Grand Prix is the highest level of show jumping. Run under International Federation for Equestrian Sports (FEI) rules, the horse jumps a course of 10 to 16 obstacles, with heights and spreads of up to 6.5 feet (2.0 m).
Puissance is the high-jump competition in the equestrian sport of show jumping. It consists of a short course of fences, ending in the final puissance wall. After the completion of the course, the horse and rider pairs that went clear move on to the next round, where the puissance is raised.
Six-Bar riders jump six fences set in a straight line. In most places, fences are placed at equal distances apart, the first fence is the lowest and each subsequent fence is higher than the one before. Horses either are penalized or eliminated from competition if they knock down a rail.
Gambler's choice/accumulator is an event where exhibitors choose their own course, with each fence cleared worth a given amount of points based on difficulty. The entry who accumulates the most points within a set time limit on course is the winner.
Calcutta is a jumping event where spectators bet on which horse will win by means of an auction where the highest bidder has the exclusive bet on a given horse. Although the exact mechanism varies by region and culture, as a rule, the spectator who bets on the winner collects all money bet and then splits the purse with the owner of the winning horse.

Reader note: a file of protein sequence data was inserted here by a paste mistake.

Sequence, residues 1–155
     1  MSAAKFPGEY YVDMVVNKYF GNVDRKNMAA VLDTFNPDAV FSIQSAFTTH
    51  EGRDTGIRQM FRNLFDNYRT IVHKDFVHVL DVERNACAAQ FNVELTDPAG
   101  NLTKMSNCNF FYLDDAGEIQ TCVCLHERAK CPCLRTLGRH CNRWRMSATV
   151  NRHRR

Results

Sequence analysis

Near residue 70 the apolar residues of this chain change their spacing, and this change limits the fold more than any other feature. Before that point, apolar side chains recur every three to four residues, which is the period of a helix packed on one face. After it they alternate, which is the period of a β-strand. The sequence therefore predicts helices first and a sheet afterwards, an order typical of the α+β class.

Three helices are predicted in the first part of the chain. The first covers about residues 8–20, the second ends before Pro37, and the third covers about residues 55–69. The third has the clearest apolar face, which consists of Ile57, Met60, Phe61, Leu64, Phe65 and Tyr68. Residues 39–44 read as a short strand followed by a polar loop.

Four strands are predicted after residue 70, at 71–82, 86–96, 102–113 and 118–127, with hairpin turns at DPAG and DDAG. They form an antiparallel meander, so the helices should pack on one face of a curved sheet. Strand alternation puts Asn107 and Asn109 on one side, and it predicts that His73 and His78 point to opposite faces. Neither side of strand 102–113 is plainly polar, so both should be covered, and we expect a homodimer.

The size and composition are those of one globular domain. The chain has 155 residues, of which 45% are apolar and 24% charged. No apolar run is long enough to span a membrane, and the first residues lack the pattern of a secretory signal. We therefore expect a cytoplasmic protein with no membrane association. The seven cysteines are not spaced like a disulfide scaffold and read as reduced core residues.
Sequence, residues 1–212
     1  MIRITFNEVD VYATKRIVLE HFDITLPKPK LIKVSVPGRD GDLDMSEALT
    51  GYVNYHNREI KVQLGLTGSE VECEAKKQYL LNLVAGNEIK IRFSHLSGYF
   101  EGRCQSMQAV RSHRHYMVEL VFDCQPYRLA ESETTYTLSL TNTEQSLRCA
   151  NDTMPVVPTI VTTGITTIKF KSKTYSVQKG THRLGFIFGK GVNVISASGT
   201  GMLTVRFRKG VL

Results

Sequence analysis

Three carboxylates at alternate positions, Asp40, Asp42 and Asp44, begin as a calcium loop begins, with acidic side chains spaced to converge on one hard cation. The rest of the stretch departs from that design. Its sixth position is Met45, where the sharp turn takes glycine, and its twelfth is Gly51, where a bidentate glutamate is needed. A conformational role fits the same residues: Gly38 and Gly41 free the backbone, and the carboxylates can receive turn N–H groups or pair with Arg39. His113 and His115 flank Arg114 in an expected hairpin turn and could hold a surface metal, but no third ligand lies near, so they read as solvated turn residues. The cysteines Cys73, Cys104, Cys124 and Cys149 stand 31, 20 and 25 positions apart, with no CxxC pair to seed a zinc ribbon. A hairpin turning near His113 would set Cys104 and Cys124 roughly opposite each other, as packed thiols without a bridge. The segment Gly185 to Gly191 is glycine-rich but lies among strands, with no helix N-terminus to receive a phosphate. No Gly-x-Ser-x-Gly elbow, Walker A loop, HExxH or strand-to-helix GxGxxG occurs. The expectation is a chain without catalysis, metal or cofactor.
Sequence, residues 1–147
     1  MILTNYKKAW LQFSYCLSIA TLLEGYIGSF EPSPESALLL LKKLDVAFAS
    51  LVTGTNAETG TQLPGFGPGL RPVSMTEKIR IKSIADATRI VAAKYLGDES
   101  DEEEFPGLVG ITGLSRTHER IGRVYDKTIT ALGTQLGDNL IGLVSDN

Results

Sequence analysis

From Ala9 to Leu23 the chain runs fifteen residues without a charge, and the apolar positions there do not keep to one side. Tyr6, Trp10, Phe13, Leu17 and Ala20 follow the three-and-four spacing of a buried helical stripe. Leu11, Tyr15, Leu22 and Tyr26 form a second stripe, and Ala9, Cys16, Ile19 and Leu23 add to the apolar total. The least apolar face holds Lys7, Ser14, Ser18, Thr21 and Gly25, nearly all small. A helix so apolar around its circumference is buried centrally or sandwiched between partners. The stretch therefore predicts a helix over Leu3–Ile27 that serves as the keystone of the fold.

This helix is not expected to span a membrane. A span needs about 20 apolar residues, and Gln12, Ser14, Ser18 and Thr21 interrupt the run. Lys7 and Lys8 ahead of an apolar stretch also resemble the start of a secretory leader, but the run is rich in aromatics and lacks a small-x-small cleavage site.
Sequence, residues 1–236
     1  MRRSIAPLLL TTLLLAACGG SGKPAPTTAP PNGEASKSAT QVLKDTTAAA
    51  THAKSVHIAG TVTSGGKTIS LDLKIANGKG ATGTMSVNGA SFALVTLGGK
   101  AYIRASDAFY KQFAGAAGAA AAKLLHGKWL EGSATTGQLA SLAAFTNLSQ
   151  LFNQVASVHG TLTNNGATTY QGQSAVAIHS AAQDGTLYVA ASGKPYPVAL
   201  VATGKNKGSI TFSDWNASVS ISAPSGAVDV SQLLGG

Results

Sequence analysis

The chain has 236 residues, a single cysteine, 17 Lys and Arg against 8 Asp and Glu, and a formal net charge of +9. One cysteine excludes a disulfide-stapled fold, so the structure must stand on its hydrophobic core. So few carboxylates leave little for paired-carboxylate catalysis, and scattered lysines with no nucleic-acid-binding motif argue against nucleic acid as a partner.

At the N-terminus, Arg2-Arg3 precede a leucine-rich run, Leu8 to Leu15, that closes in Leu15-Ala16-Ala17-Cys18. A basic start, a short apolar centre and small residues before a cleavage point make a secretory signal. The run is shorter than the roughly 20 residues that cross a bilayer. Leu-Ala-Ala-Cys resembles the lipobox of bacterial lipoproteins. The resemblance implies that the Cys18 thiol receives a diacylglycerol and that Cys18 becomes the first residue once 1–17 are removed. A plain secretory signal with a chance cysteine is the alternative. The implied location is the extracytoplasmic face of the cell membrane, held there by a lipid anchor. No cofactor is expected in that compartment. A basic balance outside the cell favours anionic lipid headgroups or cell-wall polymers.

Maiden, novice, and limit is Jumping classes limited to horses with fewer than one, three, or six wins. Fences are usually lower and time limits more generous.
Match race or double slalom is two identical courses are set up in a split arena, and two horses jump over the courses in a timed competition.
Touch class is a class held much as a normal show jumping class, except that if the horse touches the jump it is considered four faults.
A show jumper must have the scope and courage to jump large fences as well as the athletic ability to handle the sharp turns and bursts of speed necessary to navigate the most difficult courses. Many breeds of horses have been successful show jumpers, and even some grade horses of uncertain breeding have been champions. Ponies also compete in show jumping competitions in many countries, usually in classes limited to youth riders, defined as those under the age of 16 or 18 years, depending on the sanctioning organization. Pony-sized horses may, on occasion, compete in open competition with adult riders.